Small-business franchises are fighting in the Legislature for more protection against giant corporations that dictate how they run their fast-food restaurants, convenience stores and a range of other services.
And backed by a powerful union, franchise legislation has emerged as one of the most hotly contested business measures of the year. Companies and labor unions are furiously lobbying lawmakers ahead of a final vote that could come as soon as Wednesday in the state Senate.
The bill, SB 610 by Sen. Hannah-Beth Jackson (D-Santa Barbara), seeks to better shield franchise owners from having their businesses taken from them by the corporate headquarters for what some individual stores say are too often minor contractual violations.
Backers — including some franchise owners, a small-business organization and the politically wired Service Employees International Union — describe the bill as a modest step toward putting independent store owners and their corporate chiefs on a more even legal standing. The bill also would stop franchisors from needlessly delaying or disapproving the sale or transfer of outlets by their owners.
The big-brand franchising companies say the current relationships between headquarters and outlets are working well, and that there’s no need to change contracts.
The battle — a fairly equal match between the SEIU and the International Franchise Assn., a Washington trade group — is too close for Capitol oddsmakers to pick a winner. SB 610 passed the Assembly on Thursday with the minimum number of 41 aye votes. It cleared the Senate a first time in May with just one vote to spare.
Both sides describe the struggle as a dramatic change in the legal relationship that underpins the California franchise industry, which employs nearly 1 million workers statewide and generates $94 billion a year in revenue.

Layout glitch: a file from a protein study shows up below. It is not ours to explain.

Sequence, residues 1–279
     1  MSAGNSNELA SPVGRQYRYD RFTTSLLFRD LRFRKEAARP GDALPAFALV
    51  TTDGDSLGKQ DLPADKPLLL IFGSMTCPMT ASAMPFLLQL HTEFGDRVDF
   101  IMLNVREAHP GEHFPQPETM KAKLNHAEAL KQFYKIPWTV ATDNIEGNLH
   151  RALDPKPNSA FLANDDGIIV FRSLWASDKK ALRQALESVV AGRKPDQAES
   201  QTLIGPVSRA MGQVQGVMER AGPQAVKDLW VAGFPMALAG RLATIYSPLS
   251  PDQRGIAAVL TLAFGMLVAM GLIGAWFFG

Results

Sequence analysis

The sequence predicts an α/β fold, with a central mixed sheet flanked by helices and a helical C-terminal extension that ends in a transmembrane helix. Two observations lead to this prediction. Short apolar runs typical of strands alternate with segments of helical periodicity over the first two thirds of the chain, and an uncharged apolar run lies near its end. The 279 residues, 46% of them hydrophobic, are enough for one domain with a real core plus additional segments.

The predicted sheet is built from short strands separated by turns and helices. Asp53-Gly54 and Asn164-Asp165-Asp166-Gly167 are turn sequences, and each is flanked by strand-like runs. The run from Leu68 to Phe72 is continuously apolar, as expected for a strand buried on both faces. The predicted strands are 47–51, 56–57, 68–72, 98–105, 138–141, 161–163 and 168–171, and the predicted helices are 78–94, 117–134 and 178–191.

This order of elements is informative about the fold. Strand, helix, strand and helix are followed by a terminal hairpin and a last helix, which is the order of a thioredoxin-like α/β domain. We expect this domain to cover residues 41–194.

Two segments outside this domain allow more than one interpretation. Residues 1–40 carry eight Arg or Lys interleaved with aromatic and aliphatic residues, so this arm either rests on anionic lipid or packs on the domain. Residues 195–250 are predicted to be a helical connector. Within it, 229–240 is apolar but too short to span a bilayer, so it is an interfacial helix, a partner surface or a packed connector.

“It’s a threat unlike we’ve ever seen,” said Robert Cresanti, executive vice president for public policy of the franchise association. “It threatens to shatter the relationship between two independent companies.”
The bill, if passed by the Senate and signed by the governor, could create tremendous legal uncertainty and lead to years of lawsuits over what it takes to terminate a franchise license, Cresanti said.
Gov. Jerry Brown has taken no public position on the bill.
Jas Dhillon, owner of a 7-Eleven convenience store in Reseda, said he was optimistic that Brown would see the merits of the legislation and opt to help franchisees.
Lopsided agreements with franchisors force owner-investors to “live in fear of the franchise czars,” he said. “If they want to get us out, they can get us.”
What’s particularly insidious, he said, is a tactic called churning, in which companies find an excuse for canceling a franchise agreement and then resell the location at a much higher fee to new buyers.
The legislation is needed, said Scott Hauge, president of San Francisco-based Small Business California, to strengthen franchisees’ legal standing against corporate behemoths such as McDonald’s or Subway.
“We basically feel that the contract as it exists right now and the rules are pretty slanted to the franchisor,” he said. “For the most part, it’s take-it-or-leave-it. There are no negotiations.”
Hauge acknowledged that there’s nothing new about the tug of war between corporations that rely on the franchise model and the investors who operate their outlets.
But what’s different in this year’s legislative combat, he said, is the all-out effort by the SEIU, a heavy contributor to political campaigns and a top lobbying presence in the statehouse.
“This is a unique opportunity for us to work in a partnership with them,” Hauge said. “This is kind of an unusual situation where small businesses and the unions, particularly SEIU, are both major backers.”
For its part, the SEIU said it waded into the fray as a natural extension of its national campaign to raise the pay and improve conditions for fast-food workers.
“Many of the same problems that workers face are the same problems that franchisees face,” said Christopher Calhoun, SEIU California’s communications director. “Ultimately, I think that giving franchisees more power and control over small business is going to help workers in every way.”
Industry spokesman Cresanti has a more cynical take on the union’s effort.
The union, he said, has been heartened by a recent ruling by the general counsel of the National Labor Relations Board. The agency said McDonald’s should be treated as a “joint employer” along with its franchisees in cases involving workplace conditions.
The SEIU “has taken on as an objective to break the back of franchising as an industry in regards to labor,” he said. “To make that successful they have to fracture the relation of the franchisee and franchisor.”